In the context of opposing the U.S. - Peru FTA, John Edwards said the following:
I believe we need to follow four principles to make sure that globalization works for everyone, starting right here at home.
First, our multilateral and bilateral trade deals and unilateral trade preferences must help America. They must benefit American workers and their communities. This means they must:
- Stick to trade and not meddle with our domestic Buy America laws, our nation's investment policies, and our food safety and health laws;
- Have at their core strong protections for the global environment and basic labor standards, such as prohibiting sweatshops and child labor and protecting the right of workers to join unions; and
- Include prohibitions against illegal subsidies and currency manipulation and other trade cheating of the sort that is in fact encouraged under most of our current trade deals.
Second, our trade policies must also lift up workers around the world. Making sure that workers around the globe are treated fairly and share in the gains of trade is the right thing to do morally, it's the right thing to do economically, and it will make us here in America safer and more secure. We can never again condone trade agreements with countries where there is violence against workers or they are denied just wages and working conditions.
Third, we must understand in negotiating trade agreements that "one size does not fit all". We need to be realistic about global differences in form of government, in the rule of law, in the relative state of countries' economies, and in the day-to-day trade and business practices of potential trading partners. How utterly foolish is it that we treat China with its massive controlled and manipulated economy, Mexico with its porous three thousand mile-long border with the U.S., and developing countries in South America and Africa, as all the same when it comes to trade?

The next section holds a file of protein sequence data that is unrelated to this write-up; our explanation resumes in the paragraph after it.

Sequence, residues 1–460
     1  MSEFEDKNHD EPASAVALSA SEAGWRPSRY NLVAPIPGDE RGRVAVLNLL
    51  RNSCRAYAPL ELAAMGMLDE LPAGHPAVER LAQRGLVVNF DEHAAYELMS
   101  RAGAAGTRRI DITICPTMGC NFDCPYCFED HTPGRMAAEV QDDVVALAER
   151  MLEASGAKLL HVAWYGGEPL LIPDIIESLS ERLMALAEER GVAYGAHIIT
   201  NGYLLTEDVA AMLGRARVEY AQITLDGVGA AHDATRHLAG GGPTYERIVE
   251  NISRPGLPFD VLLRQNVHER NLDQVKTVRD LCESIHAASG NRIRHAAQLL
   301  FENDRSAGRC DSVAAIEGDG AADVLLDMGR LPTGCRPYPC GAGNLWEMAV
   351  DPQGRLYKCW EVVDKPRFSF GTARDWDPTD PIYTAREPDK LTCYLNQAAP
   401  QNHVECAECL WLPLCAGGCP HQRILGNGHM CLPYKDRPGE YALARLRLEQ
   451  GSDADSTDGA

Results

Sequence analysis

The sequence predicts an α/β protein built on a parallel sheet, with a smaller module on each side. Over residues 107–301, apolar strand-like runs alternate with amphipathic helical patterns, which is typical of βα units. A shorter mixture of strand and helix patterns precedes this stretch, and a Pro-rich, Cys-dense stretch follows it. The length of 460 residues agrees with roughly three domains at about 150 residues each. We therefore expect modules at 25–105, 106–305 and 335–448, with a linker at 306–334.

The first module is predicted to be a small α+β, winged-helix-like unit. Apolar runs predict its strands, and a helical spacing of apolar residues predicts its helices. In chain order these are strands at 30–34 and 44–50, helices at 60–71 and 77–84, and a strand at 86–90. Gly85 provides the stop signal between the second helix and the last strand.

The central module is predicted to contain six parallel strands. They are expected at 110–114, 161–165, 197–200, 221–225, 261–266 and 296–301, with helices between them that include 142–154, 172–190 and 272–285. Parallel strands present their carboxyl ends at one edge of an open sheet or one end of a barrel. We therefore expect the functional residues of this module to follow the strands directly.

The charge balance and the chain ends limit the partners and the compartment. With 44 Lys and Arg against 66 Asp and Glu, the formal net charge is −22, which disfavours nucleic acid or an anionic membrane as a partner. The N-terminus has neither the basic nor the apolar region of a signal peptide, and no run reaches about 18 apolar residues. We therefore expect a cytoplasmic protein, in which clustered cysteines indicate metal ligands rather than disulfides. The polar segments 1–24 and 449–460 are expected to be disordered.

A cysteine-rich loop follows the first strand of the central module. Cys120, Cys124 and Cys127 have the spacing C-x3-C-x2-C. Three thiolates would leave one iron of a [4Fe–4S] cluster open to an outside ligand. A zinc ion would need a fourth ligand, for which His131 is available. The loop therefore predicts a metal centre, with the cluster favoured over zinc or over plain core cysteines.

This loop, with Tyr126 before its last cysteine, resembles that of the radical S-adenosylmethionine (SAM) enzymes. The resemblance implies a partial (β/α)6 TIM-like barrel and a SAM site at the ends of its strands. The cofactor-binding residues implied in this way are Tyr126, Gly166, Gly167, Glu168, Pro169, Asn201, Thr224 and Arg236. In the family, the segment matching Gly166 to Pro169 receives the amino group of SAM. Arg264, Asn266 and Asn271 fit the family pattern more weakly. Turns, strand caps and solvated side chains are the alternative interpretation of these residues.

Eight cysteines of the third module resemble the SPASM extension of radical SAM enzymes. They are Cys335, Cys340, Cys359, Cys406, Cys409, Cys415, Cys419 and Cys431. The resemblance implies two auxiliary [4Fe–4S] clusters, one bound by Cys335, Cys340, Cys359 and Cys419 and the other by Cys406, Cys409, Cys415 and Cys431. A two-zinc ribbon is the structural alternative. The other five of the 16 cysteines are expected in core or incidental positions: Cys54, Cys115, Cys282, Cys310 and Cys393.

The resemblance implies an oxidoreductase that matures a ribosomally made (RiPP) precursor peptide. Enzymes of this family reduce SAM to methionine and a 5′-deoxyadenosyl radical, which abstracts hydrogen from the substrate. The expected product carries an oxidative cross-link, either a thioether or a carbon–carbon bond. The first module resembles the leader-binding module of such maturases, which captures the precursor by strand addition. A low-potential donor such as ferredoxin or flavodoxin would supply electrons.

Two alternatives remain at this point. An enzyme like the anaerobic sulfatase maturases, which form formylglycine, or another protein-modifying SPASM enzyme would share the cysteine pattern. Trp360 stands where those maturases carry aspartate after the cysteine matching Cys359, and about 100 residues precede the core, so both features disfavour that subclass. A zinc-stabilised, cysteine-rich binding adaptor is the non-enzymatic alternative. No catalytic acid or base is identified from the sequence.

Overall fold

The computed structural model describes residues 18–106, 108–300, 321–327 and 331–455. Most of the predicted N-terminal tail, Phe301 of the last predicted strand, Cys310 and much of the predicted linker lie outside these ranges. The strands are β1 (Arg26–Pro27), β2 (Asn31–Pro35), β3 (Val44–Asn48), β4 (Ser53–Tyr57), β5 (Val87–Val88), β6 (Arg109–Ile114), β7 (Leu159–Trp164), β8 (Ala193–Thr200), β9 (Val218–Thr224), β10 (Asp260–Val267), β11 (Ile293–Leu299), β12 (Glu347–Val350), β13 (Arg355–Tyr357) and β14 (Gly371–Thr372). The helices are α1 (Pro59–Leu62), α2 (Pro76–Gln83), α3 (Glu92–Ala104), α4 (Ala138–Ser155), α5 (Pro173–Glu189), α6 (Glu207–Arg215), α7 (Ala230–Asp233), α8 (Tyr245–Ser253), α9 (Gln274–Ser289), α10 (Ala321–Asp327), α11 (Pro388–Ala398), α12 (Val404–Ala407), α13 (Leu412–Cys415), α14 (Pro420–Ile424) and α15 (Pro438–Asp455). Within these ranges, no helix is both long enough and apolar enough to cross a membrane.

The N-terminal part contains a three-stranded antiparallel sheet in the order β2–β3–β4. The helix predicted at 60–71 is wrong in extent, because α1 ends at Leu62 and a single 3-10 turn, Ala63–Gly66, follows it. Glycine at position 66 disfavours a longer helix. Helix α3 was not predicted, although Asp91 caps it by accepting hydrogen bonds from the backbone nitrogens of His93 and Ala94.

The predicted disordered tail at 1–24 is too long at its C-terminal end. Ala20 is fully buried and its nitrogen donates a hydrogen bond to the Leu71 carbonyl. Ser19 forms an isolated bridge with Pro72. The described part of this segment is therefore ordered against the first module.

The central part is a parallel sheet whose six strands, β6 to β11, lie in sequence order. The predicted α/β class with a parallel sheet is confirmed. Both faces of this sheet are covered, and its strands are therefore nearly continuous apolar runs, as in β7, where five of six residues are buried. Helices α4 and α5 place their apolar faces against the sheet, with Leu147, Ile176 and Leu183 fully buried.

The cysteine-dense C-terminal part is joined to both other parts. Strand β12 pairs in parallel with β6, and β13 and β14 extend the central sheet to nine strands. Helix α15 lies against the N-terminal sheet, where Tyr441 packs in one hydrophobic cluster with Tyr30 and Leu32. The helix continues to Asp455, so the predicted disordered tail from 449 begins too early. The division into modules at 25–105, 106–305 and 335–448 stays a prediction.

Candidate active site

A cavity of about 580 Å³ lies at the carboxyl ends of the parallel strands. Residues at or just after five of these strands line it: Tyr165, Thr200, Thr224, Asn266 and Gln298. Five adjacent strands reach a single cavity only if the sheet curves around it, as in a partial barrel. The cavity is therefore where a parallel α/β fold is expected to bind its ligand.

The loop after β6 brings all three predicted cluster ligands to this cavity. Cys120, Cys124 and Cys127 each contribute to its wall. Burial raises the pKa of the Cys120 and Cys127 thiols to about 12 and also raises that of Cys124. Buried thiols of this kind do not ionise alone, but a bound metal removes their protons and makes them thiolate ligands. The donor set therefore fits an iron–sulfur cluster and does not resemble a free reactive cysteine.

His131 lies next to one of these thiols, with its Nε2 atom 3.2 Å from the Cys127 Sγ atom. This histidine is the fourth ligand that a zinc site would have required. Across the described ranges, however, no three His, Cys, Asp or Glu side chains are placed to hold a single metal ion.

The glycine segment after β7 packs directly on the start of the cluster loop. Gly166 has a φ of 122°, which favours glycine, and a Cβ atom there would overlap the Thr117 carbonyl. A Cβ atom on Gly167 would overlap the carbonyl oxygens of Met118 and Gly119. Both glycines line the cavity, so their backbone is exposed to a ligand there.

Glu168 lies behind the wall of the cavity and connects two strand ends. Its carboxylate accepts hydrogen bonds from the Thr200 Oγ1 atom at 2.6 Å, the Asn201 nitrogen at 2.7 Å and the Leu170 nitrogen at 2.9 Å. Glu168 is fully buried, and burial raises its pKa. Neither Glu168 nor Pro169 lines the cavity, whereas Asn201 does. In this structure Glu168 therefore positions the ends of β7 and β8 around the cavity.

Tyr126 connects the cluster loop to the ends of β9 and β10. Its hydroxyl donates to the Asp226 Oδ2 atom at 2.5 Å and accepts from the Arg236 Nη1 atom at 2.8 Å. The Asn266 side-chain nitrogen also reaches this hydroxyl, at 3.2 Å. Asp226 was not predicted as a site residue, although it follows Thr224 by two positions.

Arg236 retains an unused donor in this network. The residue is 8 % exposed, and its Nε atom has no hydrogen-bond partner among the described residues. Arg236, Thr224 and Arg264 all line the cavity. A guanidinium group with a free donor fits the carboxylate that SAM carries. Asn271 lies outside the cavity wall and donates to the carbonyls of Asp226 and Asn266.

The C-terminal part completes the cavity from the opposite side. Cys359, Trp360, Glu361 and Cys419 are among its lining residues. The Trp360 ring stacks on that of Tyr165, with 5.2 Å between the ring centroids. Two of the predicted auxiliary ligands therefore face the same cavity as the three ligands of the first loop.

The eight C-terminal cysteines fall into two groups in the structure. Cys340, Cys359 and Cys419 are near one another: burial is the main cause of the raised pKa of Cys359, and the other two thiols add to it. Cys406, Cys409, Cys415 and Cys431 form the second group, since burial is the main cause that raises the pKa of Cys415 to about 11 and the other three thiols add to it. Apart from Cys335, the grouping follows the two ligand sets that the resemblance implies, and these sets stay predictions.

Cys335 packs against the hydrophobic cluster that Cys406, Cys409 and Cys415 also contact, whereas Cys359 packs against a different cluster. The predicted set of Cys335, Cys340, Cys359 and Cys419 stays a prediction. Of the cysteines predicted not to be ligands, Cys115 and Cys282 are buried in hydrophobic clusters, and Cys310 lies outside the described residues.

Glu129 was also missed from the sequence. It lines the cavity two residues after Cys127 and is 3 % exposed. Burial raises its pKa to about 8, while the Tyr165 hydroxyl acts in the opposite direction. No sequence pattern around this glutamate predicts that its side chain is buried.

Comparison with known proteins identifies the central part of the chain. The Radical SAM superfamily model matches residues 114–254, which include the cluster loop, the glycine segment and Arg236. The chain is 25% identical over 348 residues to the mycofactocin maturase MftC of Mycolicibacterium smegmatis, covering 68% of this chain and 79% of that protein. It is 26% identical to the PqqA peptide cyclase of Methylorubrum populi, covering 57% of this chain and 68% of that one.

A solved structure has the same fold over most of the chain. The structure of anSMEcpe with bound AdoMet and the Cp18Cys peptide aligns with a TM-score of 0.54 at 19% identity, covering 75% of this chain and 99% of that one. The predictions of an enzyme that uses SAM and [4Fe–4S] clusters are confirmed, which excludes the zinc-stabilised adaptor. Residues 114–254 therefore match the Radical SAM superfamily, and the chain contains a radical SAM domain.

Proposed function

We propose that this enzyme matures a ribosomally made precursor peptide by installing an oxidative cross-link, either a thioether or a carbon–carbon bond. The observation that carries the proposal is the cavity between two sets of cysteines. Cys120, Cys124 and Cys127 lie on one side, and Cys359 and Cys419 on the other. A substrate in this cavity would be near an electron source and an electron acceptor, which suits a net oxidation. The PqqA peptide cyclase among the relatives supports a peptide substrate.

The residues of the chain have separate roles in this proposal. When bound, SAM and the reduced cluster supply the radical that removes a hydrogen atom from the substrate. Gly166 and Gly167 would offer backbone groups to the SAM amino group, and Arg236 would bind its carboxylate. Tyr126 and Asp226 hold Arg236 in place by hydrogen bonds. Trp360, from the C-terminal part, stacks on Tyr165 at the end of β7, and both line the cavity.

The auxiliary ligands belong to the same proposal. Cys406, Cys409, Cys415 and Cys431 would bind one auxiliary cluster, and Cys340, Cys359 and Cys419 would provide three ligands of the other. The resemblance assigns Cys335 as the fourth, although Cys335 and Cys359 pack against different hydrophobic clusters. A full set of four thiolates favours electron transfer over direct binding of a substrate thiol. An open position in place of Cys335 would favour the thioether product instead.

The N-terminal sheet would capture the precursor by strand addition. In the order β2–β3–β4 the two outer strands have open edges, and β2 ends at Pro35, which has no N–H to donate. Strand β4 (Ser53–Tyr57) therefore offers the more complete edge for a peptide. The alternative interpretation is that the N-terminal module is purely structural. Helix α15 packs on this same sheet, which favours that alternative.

Fourth, our trade deals must be fairly and fully administered. For free trade to be fair, it must be based on rules, and then those rules must be followed. The top prosecutors at the Department of Justice should be responsible for enforcing our trade agreements, and when I am president I will insist that they prosecute all cases of illegal foreign subsidies, currency manipulation, and unfair trade practices.
There are a few points in there that I don't understand.
First, how can we both "stick to trade" and "not meddle with our domestic Buy America laws"? What could be more trade related than discriminating against foreign products in government purchasing?
Second, why should we "not meddle with" investment policies and food safety and health laws, but include "core strong protections" (i.e., meddle with) environment and labor policies?
Third, with regard to not having trade agreements "with countries where there is violence against workers or they are denied just wages and working conditions," which countries would be included in this category?
Fourth, why are the "the top prosecutors at the Department of Justice" preferable to the trade experts at USTR, the ITC and the DOC?